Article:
Topic: General Chatter
I have been experimenting lately with review websites and applications to start publishing customer testimonials on my locksmith websites. Its all going well at the minute, however my main concern is running into rogue customers that find your details through these websites and then can effectively hold you to ransom.
Other platforms such as Checkatrade require you to hand out feedback cards before work commences. The problem with this is if you should fail to jump through all the hoops, however unreasonable, set out by your customer you could be getting a poor review.
Spotting a rogue customer isn't always straightforward and the nicest of folk can turn on you should you refuse to haggle on price. I don't mind a bit of haggling but what I do mind is those that insist on haggling after the agreed work has already been completed and breaking the verbal agreement you had.
It goes without saying that anyone that calls a locksmith and straight out states they want it 'cheap' is going to be bother, so you need to choose carefully whether to accept this kind of customer or tell them to jog on. We offer a specialist service as locksmiths and nobody wants to earn the reputation of the cheap guy. Anyone can work all day for peanuts but you certainly can't run a business that way.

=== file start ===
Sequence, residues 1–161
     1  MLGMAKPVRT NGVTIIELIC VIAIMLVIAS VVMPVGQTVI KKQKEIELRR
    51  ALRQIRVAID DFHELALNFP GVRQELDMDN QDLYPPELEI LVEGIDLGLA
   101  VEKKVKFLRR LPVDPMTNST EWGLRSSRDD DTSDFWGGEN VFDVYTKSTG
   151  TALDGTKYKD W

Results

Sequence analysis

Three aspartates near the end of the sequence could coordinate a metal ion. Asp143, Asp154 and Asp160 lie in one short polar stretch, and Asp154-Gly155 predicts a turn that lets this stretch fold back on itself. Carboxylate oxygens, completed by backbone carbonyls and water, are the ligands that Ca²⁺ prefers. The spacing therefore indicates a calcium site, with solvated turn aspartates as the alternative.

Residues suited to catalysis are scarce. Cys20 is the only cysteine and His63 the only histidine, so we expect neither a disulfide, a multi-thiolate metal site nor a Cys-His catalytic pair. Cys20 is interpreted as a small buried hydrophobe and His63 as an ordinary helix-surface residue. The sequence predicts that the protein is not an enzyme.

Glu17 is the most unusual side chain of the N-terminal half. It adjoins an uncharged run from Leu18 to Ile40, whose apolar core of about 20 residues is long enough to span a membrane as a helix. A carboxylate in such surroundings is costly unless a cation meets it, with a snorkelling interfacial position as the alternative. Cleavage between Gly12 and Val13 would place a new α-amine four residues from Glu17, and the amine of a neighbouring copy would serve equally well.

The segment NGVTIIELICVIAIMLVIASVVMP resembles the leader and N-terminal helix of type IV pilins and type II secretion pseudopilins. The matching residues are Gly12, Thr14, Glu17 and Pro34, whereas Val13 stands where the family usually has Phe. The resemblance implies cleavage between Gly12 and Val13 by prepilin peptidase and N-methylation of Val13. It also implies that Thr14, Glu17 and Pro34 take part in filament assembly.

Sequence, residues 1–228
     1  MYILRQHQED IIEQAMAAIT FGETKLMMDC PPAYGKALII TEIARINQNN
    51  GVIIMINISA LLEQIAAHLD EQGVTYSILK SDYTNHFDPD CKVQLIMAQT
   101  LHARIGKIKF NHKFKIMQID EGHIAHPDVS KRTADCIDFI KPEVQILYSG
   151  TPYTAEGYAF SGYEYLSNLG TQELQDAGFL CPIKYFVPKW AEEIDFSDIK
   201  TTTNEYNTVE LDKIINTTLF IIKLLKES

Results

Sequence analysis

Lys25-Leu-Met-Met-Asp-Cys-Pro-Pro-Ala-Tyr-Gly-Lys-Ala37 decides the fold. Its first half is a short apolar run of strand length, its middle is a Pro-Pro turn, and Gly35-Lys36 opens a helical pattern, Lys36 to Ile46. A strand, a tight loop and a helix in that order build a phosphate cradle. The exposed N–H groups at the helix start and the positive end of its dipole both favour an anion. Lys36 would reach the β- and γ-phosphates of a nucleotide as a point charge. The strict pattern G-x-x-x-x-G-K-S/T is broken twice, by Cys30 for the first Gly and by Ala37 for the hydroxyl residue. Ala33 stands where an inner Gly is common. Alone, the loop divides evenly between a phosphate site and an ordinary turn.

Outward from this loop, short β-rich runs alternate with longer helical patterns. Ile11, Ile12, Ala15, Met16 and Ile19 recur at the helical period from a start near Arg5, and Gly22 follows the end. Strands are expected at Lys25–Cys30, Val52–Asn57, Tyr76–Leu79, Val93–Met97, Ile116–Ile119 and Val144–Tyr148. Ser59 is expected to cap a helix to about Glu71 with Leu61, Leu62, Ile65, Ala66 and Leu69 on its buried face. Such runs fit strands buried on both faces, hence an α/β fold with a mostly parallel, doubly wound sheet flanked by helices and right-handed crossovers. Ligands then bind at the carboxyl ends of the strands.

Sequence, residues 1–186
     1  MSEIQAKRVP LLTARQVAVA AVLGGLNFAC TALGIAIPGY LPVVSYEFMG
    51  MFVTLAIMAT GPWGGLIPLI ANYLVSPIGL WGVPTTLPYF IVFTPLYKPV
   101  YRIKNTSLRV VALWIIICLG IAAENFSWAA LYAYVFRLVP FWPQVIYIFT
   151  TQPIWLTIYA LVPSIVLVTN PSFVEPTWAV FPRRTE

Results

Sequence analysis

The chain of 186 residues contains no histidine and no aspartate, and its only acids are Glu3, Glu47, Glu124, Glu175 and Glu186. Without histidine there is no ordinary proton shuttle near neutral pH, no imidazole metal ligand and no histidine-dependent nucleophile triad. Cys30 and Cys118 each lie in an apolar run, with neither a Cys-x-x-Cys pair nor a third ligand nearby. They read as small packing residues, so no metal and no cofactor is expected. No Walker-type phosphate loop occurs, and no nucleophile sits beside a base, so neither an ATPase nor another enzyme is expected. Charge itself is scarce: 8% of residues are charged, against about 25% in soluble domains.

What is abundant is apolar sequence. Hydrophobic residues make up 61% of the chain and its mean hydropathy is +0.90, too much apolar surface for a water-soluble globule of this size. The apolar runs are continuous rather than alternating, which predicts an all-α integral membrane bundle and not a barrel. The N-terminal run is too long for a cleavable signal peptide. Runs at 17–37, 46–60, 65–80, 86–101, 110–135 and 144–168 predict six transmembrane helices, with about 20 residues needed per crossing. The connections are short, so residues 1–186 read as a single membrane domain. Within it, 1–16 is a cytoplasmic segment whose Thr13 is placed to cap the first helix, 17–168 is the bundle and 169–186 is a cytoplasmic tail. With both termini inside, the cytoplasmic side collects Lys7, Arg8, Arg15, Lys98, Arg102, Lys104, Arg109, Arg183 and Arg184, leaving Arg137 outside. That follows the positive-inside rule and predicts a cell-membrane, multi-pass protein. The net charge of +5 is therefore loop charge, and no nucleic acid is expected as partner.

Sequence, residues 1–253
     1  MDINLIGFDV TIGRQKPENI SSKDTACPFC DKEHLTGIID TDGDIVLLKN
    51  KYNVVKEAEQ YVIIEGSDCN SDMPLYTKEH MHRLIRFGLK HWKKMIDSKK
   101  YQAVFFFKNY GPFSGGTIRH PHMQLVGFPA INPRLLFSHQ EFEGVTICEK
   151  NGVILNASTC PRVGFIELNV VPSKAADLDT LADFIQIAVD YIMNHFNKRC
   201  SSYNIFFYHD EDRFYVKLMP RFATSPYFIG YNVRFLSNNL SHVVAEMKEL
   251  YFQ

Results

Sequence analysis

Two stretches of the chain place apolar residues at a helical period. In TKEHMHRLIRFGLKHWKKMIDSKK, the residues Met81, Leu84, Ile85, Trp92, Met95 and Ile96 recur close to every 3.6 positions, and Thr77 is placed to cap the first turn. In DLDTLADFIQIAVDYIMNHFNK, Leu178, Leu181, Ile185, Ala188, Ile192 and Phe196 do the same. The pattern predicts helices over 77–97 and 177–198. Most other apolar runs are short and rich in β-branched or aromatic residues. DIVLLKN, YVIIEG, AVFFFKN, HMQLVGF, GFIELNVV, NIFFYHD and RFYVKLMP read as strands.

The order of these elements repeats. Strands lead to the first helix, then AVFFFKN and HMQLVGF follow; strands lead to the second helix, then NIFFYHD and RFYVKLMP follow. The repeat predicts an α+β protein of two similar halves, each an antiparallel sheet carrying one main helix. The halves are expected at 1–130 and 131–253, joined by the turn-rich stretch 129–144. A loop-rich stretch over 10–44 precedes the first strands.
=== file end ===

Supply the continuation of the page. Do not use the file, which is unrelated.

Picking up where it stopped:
Non payers are another rogue that you need to be aware of. I find working as a locksmith the usual suspects that regularly give me grief are small time estate agents and letting firms that like to play middleman. However if they ar struggling to get their customer to pay they usually withold your payment too. Anyone that fails to pay regularly should be refused in the future as are more of a liability than a worthwhile customer. You can take as look at my debt collection guide for tips on dealing with non paying customers.
In the past I have run into my fair share of fraudsters and untrustworthy characters. It isn't always easy to identify them from a mere phonecall and somtimes you do not realise who you are dealing with until you are in front of them. There is always an element of risk when dealing with the public and you will undoubtedly run into the odd nutter now and again.
To protect ourselves when dealing with unsavoury characters it is always wise to check out ID and getting signatures to authorise work, some locksmiths go as far as requesting a photo of the customer for their records. Some of my past run ins as an emergency locksmith include violent non payers, a squatter that conned me into opening a property for her, evicted tennants gaining illegal access back into the property and even a guy posing as a bailiff.
Some would say this is all part and parcel of the locksmith trade but we can certainly do our utmost to avoid bumping into rogue customers that can cause unessessary stress or endanger us and our reputations.